Bradford, Vermont
December 20, 2015
Fourth Sunday of Advent, Sunday of Love, Christmas Sunday
Luke 1:26-56; Matthew 1:18-25

Mary is the model for all Christians, not just Catholics, not just women, but for all of us.

A central doctrine of our faith, far more important than the virgin birth, is the belief that Christ lives within every one of us. Jesus prayed that we would recognize this truth. (John 17:23) Paul said, “It is no longer I who live, but Christ who lives in me.” (Galatians 2:20) Every time we take communion we ritually renew Christ’s body and blood living within our body and blood. Every one of us at our baptism receives affirmation that the same Spirit that made Christ Christ is present in us.

Our calling as a church is to be the body of Christ. Our calling as individuals is to do our part as members of Christ’s body. (I Corinthians 12) Jesus sends his followers to bear into the world his power for healing and reconciliation with God, so that the world may turn from its selfish ways to the ways of God’s realm of mercy, justice and peace. Most of all, we are called to bring Christ’s love into the world by loving God and loving our neighbor—neighbor meaning everyone in the world who is in need of love, especially the stranger or wrongdoer or enemy.

Like Mary, we have something of Christ to bring to birth that the world desperately needs. The scriptures and the news headlines tell us this as clearly as if the angel Gabriel were standing in front of us announcing it. And like Mary, we have to decide how to respond. Continue reading Sermon, December 20, 2015

Sermon, December 13, 2015

Rejoice Always: Christ Is Near    
Rev. Thomas Cary Kinder
The Congregational Church of the United Church of Christ,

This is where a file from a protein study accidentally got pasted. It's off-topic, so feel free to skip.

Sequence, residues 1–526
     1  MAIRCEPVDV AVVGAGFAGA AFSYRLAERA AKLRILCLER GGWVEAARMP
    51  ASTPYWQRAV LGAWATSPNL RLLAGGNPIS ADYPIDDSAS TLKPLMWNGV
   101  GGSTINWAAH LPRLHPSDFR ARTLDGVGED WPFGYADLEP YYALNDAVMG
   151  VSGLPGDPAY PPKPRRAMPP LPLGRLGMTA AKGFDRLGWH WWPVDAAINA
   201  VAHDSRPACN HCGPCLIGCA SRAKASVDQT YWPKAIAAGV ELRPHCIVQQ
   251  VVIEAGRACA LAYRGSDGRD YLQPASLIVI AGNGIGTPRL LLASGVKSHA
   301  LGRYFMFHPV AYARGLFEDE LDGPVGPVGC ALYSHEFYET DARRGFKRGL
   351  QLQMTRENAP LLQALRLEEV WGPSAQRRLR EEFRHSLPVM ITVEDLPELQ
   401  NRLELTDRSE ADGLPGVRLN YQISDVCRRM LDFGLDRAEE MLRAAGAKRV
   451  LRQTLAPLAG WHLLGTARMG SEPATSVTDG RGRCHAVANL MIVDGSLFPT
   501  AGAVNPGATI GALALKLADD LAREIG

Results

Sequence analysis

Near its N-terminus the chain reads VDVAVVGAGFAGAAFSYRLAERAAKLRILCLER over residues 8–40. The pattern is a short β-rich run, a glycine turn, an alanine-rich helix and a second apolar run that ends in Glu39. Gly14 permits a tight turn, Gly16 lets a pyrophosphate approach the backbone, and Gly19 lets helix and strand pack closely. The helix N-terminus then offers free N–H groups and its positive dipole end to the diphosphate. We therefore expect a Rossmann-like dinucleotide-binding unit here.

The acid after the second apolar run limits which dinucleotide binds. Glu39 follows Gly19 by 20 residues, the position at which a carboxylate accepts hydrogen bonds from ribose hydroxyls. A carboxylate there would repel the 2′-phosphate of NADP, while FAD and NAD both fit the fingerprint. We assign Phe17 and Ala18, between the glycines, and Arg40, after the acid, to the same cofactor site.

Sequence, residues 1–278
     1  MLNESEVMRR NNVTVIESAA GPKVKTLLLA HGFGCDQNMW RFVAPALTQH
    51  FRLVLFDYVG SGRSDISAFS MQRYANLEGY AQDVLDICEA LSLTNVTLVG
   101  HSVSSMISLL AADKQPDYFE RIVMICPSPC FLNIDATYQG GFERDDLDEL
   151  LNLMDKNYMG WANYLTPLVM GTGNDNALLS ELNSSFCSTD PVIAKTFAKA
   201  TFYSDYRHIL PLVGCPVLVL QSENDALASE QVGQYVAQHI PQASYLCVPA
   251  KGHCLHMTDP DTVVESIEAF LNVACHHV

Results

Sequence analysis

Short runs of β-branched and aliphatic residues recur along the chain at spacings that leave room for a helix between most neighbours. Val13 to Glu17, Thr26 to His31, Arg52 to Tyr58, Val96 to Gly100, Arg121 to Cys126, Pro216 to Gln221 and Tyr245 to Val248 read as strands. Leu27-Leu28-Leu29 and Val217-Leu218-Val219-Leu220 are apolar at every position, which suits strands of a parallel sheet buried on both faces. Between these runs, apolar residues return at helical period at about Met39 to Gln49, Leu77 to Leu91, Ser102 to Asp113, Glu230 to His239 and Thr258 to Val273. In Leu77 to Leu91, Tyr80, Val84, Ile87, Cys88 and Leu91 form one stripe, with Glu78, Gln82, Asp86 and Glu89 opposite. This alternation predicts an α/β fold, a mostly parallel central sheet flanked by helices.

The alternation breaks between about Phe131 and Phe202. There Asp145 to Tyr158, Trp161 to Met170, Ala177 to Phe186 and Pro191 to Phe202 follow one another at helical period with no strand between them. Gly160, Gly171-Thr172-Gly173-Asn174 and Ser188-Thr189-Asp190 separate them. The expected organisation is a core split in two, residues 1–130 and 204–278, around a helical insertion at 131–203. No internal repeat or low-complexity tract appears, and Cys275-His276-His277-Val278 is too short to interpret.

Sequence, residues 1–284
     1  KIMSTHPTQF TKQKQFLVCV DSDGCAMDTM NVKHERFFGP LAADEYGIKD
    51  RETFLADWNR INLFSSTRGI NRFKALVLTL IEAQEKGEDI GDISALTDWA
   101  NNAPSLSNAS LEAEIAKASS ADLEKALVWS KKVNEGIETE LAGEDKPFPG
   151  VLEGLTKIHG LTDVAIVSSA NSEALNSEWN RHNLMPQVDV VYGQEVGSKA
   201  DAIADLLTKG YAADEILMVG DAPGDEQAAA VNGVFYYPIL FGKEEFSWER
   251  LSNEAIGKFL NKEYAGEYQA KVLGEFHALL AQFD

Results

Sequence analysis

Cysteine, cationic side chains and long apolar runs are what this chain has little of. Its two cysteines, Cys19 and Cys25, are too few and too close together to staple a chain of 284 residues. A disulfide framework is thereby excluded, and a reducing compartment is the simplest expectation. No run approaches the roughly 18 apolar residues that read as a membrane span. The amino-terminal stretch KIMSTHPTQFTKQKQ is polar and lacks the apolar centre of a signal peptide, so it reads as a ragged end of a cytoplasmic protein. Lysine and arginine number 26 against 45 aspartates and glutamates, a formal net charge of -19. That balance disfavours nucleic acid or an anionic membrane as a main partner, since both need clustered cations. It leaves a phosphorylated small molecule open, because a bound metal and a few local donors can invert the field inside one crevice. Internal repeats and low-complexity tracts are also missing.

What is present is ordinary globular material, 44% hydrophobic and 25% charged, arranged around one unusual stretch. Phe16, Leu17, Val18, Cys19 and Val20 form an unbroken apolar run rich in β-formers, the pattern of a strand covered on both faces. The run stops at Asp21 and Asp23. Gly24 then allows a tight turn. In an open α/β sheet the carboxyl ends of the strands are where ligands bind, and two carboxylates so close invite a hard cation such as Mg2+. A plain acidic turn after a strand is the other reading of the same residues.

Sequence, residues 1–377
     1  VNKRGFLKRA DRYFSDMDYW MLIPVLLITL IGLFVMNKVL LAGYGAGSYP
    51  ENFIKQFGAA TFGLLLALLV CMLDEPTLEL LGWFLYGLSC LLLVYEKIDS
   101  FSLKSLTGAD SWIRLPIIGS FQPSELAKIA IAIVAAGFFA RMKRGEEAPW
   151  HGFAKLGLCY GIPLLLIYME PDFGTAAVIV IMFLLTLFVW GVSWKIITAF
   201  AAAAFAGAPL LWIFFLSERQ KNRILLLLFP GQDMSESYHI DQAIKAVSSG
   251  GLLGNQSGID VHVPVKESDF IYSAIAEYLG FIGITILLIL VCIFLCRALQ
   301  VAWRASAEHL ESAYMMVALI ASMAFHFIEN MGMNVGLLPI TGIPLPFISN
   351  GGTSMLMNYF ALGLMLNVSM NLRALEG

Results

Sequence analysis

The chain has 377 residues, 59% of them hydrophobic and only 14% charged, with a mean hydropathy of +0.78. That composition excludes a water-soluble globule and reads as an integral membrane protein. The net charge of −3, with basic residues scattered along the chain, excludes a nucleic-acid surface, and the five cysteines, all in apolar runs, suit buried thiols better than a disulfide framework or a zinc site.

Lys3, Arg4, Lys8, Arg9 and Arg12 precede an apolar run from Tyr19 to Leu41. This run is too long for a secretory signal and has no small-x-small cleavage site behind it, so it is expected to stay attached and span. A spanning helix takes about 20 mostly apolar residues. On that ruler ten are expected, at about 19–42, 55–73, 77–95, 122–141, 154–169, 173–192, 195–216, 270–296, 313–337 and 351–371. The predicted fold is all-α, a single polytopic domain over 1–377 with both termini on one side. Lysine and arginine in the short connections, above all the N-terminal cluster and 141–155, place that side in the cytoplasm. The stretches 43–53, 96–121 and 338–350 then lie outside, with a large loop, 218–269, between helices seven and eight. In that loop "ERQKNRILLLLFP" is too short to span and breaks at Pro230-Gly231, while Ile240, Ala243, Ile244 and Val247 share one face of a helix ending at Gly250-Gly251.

Bradford, Vermont
December 13, 2015   Third Sunday of Advent, Sunday of Joy, Pageant Sunday
Isaiah 12:2-6; Philippians 4:4-9

Last Sunday I talked about how refuge is at the heart of our religion. Refuge is a place where we are free from the pursuit of danger or trouble and can live in peace.  Mary and Joseph were refugees the night Jesus was born. Today there are Syrian refugees and many others, including neighbors in Bradford seeking refuge from the ravages of war, addiction and poverty. The truth is, we all are refugees. We all seek peace from whatever threat or trouble pursues us. To feel we have found refuge is to feel deep joy.

Brother Lawrence was the 17th Century working class Frenchman who developed the practice of the presence of God. Here is one of his Spiritual Maxims: “The greater the perfection a soul seeks, the more dependent it is on grace, and the help of God is more necessary for it each moment for without it the soul can do nothing; the world, human nature and the devil together wage a war so fierce and so continual that without this actual help and this humble and necessary dependence, they will carry the soul away in spite of itself; this seems hard on human nature but grace makes it acceptable and a refuge.”